More important relationship

Discussion in 'Miscellaneous [BG]' started by Ketch27, Jun 19, 2002.

  1. drummer

    35 vote(s)
  2. guitarist

    2 vote(s)
  3. vocals

    0 vote(s)
  4. other

    3 vote(s)
  1. Ketch27


    May 4, 2001
    In a rock band setting. I'd have to go with the drummer. You still gotta groove somehow, and the drummer has more rhythem than the guitarist (obviously),
  2. Stephen S

    Stephen S Member

    Apr 10, 2002
    San Bernardino, CA
    when ever im starting in a new band i like to have a few jam sessions with the drummer. It is very hard for me to connect with guitarist because all guitarist i have ever jammed with have caused some damage to me or my instrument.
  3. Oysterman


    Mar 30, 2000
    In most styles and with most players, bass is a part of the rhythm section. So, yeah, it's important to be connected to the drummer (only in a musical, healthy way of course ;)).
  4. Triangle.. pure an simple... if there isn't a triangle in the band its simply the end of my playing... unless theres a tambourine... of course... but then again.....
  5. seamus


    Feb 8, 2001
    I like having a drummer where we both know the changes well, and aren't dependent on one another at all to get through the songs. I like where things tighten up and we know what to play, when to play it, and we aren't relying on cues from others in the band whatsoever. So long as everyone else fulfills their role as well, we get good results.

    If I had to say there's one part of the band with which I share more of a connection than the rest though, it would be the drums. I don't even listen to the guitar or vocals most times, I'm just counting on them to keep up and handle their parts.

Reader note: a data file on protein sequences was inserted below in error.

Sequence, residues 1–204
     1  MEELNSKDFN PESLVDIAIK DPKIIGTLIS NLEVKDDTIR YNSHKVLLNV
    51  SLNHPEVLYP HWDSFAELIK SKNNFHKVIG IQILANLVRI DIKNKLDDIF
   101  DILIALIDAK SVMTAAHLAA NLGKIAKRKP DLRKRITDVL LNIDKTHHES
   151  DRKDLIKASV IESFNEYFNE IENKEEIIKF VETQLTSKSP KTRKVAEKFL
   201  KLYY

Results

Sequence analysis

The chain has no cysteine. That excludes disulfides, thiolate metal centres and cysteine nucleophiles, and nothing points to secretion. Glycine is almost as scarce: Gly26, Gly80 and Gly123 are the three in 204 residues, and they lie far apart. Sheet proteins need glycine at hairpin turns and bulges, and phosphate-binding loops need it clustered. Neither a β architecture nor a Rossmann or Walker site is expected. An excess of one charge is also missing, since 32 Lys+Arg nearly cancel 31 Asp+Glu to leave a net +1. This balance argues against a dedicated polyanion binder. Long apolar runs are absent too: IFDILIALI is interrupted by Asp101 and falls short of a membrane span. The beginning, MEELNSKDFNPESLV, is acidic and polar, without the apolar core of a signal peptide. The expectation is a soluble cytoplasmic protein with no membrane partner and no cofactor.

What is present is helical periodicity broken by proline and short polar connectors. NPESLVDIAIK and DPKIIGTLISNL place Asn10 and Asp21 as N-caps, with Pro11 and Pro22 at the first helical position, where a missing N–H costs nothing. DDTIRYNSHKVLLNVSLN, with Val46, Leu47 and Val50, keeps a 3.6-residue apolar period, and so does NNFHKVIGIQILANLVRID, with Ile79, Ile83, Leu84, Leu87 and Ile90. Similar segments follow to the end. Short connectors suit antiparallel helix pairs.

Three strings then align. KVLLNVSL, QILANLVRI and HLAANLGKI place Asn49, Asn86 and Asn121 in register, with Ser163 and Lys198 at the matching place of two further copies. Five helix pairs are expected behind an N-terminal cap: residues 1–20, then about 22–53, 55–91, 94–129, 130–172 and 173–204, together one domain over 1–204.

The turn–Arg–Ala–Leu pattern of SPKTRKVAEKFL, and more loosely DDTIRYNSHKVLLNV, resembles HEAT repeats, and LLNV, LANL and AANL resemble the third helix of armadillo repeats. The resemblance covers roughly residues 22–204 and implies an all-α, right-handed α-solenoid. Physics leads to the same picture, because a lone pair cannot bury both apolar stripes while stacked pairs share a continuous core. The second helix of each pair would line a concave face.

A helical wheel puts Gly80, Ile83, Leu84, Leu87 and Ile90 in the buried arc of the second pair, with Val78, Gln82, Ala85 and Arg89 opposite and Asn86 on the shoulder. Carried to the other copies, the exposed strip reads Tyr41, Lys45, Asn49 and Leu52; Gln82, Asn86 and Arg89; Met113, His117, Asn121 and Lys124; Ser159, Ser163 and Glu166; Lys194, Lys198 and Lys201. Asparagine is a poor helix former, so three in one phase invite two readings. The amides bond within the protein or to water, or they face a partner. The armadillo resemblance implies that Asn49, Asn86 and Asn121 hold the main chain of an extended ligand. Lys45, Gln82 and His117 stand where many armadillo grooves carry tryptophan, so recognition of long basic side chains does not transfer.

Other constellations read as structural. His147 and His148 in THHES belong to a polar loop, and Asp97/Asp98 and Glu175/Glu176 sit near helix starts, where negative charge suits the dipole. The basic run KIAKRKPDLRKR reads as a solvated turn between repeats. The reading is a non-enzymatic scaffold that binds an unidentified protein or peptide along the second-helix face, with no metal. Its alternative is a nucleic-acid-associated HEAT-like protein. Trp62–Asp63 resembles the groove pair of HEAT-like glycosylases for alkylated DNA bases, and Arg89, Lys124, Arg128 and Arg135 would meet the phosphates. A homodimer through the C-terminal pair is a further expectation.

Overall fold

When I need to lock into the kick drum though, I listen to the drummer more closely, to keep it tight.
  6. DanGouge


    May 25, 2000
    If I don't know what the drummer is doing with the kick drum, I feel lost. I can still play and play in time but it just doesn't feel right. It's like flying on instruments, it can be done, but I'd rather not.
  7. barroso


    Aug 16, 2000
    in horselover fat i play the bass and my most important connection is the drummer.

    in 500saturno i play guitar and i listen quite exclusively to the bass player.
  8. I know as a bassist, Im meant to say drummer, but I have to admit I mostly listen to the rhythm guitarist.
  9. Bass and drums ARE the groove. Everything else is window dressing. If the bass and drums aren't happening it doesn't matter how good anyone else is, the music won't have any foundation.

    Granted, that just a drummer's perspective.
  10. Chasarms

    Chasarms Casual Observer

    May 24, 2001
    Bettendorf, IA USA
    IMO, the answer is "all are equally important."

    When, playing live, it is true that you have to be tight with the drums. But this doesn't discount the importance of the relationship with the other tone-producing instruments.

    When composing, the importance is obvious. In live playing (especially when you play off charts or improv), you have to be completely aware of the guitar player (or pianist, horns or whatever) If you aren't, it is extremely easy to create conflicting transitions, alter the chord, etc.

    You should even consider the vocal melody when constructing lines.

    A well-tuned band is one unit. EVERY relationship is important.

  11. Bruce Lindfield

    Bruce Lindfield Unprofessional TalkBass Contributor Gold Supporting Member

    In al the music I play it is the piano that I want to be able to hear most in the monitors and which gives me most information about what's going on.

    In most Latin Jazz it is the percussion which is at the heart and often if you can't hear, say a conga pattern then it is difficult to lock in, but generally the time should be internalised by all.